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MPs lose cloak of anonymity in GP vote

POLITICAL parties will now get a much clearer picture of the preferences of their MPs when it comes to selecting Slovakia’s next general prosecutor, one of the most powerful positions in the country.

Smer MPs protested against the rule change.(Source: SITA)

POLITICAL parties will now get a much clearer picture of the preferences of their MPs when it comes to selecting Slovakia’s next general prosecutor, one of the most powerful positions in the country.

Parliament on April 5 changed the rules for selecting the general prosecutor, judges of the Constitutional Court and the chairs and deputy chairs of the Supreme Audit Office (NKÚ), Slovakia’s public administration and procurement watchdog. Henceforth, the selection votes will be held as public or recorded votes, as opposed to the previous secret ballots. Under the amendment to the parliamentary discussion order, however, the speaker and deputy speakers of parliament as well as the chairs of the parliamentary committees will still be chosen by secret ballot. The amendment also introduces the option for MPs to hold a secret vote on other posts for which a public ballot would otherwise be held. At least 15 legislators are required to propose a secret vote.

While the change increases the ruling coalition’s chances of getting its nominee selected as the next general prosecutor, opposition Smer party leader Robert Fico decried the change, saying “the neck of Slovak democracy has just been broken”.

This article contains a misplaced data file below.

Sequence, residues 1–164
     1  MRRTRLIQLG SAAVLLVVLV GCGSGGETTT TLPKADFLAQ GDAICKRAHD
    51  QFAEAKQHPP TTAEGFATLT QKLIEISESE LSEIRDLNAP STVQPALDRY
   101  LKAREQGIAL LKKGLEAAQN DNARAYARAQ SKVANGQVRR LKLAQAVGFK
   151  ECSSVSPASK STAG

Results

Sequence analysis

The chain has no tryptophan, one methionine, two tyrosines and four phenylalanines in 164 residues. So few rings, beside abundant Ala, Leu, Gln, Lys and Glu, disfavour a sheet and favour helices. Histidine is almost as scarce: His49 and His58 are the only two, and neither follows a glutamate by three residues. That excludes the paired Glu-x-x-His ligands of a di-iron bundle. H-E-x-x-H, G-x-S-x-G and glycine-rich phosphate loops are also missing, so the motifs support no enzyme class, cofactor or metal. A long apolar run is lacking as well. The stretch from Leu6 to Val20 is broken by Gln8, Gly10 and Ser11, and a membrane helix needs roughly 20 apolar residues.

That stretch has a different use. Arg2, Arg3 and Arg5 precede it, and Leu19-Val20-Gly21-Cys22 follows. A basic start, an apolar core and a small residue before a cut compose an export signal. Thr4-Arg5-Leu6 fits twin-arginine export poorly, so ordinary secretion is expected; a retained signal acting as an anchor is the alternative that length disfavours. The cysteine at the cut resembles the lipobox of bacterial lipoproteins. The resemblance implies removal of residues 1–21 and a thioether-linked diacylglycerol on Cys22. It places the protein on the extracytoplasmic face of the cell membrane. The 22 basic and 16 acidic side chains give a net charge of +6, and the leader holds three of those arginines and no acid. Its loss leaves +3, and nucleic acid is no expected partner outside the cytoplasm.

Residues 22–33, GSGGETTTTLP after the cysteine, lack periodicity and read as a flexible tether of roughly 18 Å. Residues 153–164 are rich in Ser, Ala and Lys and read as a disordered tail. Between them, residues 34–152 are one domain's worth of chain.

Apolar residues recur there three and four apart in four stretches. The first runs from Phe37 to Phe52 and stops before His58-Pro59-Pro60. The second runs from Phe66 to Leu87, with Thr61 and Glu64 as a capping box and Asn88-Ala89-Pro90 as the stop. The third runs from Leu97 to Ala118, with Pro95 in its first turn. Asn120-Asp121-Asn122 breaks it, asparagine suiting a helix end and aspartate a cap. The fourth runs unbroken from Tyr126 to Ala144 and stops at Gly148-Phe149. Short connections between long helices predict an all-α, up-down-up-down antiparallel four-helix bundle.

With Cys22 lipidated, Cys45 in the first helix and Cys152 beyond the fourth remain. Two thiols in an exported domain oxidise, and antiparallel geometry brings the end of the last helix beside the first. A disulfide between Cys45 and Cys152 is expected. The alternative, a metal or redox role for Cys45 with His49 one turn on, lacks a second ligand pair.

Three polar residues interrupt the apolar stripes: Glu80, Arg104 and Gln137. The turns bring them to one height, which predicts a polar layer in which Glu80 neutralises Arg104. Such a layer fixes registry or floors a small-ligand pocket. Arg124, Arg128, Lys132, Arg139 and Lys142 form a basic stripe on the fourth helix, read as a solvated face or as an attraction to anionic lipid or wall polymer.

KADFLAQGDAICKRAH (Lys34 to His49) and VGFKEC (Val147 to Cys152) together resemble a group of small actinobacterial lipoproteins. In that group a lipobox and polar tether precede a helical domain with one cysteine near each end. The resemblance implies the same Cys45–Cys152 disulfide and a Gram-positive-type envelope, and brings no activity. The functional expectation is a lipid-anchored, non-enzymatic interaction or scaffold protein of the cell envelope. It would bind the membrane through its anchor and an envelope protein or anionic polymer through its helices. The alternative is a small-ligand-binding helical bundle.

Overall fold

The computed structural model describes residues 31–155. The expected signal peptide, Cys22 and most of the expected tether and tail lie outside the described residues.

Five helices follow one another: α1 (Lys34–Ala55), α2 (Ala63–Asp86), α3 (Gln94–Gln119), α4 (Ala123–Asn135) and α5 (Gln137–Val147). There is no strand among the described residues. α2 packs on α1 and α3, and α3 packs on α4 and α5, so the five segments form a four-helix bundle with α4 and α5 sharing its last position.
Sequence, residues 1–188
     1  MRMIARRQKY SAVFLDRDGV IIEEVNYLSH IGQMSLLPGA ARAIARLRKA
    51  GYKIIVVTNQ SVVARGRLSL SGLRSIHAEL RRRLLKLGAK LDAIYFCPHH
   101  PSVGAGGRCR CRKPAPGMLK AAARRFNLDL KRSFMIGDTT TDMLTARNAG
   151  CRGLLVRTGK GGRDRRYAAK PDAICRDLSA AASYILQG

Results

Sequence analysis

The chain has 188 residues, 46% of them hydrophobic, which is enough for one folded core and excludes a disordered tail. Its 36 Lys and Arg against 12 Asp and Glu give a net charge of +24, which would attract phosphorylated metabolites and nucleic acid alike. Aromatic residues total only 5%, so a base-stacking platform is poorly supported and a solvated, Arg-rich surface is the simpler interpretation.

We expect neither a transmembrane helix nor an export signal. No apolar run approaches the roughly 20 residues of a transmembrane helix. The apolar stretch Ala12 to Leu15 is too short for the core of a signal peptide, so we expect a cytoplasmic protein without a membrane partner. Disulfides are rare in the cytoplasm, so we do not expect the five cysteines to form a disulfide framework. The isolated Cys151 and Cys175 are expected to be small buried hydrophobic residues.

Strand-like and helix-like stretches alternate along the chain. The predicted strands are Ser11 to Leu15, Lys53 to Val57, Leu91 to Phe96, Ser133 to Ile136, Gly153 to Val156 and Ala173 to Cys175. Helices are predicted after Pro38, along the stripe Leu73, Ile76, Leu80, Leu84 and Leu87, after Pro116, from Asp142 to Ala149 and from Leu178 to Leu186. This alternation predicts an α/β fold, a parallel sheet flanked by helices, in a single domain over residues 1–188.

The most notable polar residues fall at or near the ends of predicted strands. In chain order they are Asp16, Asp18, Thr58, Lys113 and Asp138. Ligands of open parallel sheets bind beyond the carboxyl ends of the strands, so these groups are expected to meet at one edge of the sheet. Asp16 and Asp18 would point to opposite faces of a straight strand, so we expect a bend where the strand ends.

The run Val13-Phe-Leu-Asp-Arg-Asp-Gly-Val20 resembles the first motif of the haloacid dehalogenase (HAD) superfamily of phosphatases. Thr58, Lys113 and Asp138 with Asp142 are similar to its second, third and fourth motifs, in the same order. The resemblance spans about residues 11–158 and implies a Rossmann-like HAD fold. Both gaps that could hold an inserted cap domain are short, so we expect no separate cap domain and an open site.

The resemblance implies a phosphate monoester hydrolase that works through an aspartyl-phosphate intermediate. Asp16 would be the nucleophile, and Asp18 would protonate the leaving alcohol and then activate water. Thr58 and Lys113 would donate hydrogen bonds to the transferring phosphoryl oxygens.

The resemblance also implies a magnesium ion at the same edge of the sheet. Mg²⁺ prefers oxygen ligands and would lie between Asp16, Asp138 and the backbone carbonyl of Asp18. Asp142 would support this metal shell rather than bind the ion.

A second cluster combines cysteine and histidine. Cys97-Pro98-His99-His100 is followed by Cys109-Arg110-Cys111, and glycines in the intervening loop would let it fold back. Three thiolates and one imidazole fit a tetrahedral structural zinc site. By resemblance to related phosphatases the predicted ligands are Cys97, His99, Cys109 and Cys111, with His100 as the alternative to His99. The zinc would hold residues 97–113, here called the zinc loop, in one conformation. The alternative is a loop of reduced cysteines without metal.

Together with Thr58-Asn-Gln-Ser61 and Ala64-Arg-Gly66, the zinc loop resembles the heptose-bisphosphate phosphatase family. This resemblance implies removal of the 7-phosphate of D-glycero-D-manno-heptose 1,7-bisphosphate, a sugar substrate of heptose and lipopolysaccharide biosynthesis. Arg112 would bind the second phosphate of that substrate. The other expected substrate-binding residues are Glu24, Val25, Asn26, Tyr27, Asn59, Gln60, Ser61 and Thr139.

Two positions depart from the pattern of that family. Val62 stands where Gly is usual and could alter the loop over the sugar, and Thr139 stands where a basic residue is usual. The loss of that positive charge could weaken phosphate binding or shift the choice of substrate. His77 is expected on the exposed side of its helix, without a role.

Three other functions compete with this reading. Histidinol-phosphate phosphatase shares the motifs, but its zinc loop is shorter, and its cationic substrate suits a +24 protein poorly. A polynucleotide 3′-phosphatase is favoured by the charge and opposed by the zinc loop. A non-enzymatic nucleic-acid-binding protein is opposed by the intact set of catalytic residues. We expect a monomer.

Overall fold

Political analysts, however, have been at a loss to detect any such threat to the country’s democracy from a change which will make MPs accountable for their choices rather than allowing them to vote anonymously. On the contrary, the analysts suggest that Fico may fear that a new general prosecutor will open some sensitive cases from his own time in office that have until now remained undisturbed.

“This is one of the most shameful votes in the history of the Slovak Parliament and it only proves how these gentlemen who are sitting in the ruling coalition are capable of anything in the name of power, [by] taking over the Office of the General Prosecutor, and persecution and criminalisation of the opposition,” Fico said, as quoted by the public broadcaster Slovak Television on April 5.

Fico’s former coalition partner, Slovak National Party (SNS) leader Ján Slota, said the change was an unconstitutional step.

However, leading commentators cast doubt on their claims.

“A public vote is just as democratic as a secret ballot; there isn’t much difference in that,” political scientist Miroslav Kusý told The Slovak Spectator. “Both ballots have their plusses and minuses.”

Political scientist and president of the Institute for Public Affairs (IVO) Grigorij Mesežnikov told The Slovak Spectator that Smer’s reasons for attacking the ruling coalition are false and “perhaps fuelled by the fear that the new general prosecutor will start investigating some cases that had been shelved by the previous general prosecutor”.

“This is where I see the cause of Fico’s current aggressiveness,” Mesežnikov said. “I do not see any other reason.”

Earlier this year, Fico said that he would not respect a general prosecutor who had been selected by means other than a secret ballot. Justice Minister Lucia Žitňanská responded that refusing to recognise a general prosecutor selected by parliament in a public vote would represent an outrageous disregard for democratic rules.

Žitňanská argued in late March that a public vote in a parliamentary democracy is one way for voters to observe how their elected representatives use the mandate they have been given. She added that a public vote is forbidden only in specific instances stipulated by the constitution, and that the general prosecutor vote is not such an instance.